It's often in the talks how rappers represent their hometowns by wearing city-signature attire, or organizing special concerts in their cities etc. More or less, every rapper has some memories with his birthplace: 1st recognition, 1st rap battle, 1st label contract signed, or a memorable concert. Cultivating the connection with the city that patronized the rapper's rise to glory has become somehow important to showcase publicly. Popular term -- to rep -- describes certain actions the rapper undertakes to represent his hometown. True story, it's extremely hard nowadays to find example of a rapper that shuts down relations with his city and people completely; rhymers rather try to pride themselves on their town on every occasion they can get. One performer has taken this trend to another level, Dwayne Carter his name, demonstrating overwhelming attachment to his roots.
Lil Wayne was a different musician back then. When Catrina struck in 2005, it left Weezy's New Orleans completely devastated. As the hurricane passed through the Gulf Coast region, the city's federal flood protection system failed, resulting in the worst civil engineering disaster in American history. During that time, Wayne completely surprised me, both with his extreme devotion in reppin' and helping his hometown, but also with an exceptional set of tracks he created to describe the tragedy. He really was a lyrical monster, a person with visible and audible talent -- he was on some kind of mission. He impressed audience with unparalleled maturity. These 3 songs really take me back to the harsh times shortly after the cataclysm, they really get to the listeners:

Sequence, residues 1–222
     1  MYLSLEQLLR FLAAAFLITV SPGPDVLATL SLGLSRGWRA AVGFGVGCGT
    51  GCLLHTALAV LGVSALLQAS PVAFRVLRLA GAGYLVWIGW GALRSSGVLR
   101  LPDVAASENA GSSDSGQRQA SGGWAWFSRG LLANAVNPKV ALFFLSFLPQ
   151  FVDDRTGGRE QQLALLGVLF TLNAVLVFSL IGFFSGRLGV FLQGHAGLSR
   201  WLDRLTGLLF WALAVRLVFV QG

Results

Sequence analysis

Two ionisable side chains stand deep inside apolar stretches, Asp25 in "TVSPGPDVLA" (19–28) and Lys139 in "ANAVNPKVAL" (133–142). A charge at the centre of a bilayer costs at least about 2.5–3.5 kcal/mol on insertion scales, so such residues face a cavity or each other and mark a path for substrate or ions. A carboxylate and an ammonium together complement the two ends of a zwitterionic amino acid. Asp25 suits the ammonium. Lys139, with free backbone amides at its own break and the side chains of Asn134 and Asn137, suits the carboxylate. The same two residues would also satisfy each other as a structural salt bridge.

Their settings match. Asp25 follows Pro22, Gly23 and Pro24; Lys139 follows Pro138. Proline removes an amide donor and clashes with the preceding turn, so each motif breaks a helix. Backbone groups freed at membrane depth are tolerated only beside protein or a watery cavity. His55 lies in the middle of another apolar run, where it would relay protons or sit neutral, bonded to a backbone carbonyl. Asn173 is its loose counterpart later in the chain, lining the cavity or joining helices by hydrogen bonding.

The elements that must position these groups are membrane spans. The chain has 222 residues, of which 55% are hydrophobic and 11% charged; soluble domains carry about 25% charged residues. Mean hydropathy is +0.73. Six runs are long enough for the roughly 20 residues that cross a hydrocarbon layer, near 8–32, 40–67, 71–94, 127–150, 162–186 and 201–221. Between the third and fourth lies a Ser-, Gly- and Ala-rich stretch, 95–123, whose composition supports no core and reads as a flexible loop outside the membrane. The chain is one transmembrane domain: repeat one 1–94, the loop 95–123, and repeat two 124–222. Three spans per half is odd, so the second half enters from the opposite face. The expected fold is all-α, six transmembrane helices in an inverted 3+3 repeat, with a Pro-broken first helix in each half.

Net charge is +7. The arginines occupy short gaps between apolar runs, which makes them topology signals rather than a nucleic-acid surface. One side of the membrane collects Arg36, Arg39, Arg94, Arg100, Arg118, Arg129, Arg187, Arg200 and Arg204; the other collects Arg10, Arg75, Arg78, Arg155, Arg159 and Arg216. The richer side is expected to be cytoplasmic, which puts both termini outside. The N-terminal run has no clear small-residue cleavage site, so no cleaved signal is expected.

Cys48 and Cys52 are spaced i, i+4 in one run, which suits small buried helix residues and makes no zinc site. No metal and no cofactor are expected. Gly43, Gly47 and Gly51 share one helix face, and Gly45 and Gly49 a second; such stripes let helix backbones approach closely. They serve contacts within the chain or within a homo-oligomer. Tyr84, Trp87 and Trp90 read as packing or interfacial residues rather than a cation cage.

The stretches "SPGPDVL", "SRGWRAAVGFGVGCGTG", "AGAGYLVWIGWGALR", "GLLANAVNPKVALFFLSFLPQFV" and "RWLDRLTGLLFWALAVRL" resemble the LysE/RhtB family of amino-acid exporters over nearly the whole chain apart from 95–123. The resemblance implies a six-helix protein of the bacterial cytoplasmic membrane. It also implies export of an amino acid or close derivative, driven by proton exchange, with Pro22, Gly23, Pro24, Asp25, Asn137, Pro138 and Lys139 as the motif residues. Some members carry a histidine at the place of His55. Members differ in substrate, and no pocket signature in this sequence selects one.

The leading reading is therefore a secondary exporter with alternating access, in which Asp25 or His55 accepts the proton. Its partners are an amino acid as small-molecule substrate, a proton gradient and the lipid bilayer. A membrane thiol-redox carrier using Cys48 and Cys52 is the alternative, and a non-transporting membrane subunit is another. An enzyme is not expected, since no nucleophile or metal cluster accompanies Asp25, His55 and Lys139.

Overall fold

Wayne during the concert in New Orleans, 2006"If I had one guess than I guess I'm just New Orleans"
Aggregating all this: numerous dedicated concerts, fundraisers, constructive criticism towards the authorities, and last but not least, heart-throbbing loyalty to The Big Easy. He was there for NOLA. Now he is on the loose searching for the way back to the condition that awaken his best abilities as a rapper and human being. Such affection and devotion for his roots will never, should never be forgotten.
So "Weezy F baby, and don't forget the F baby".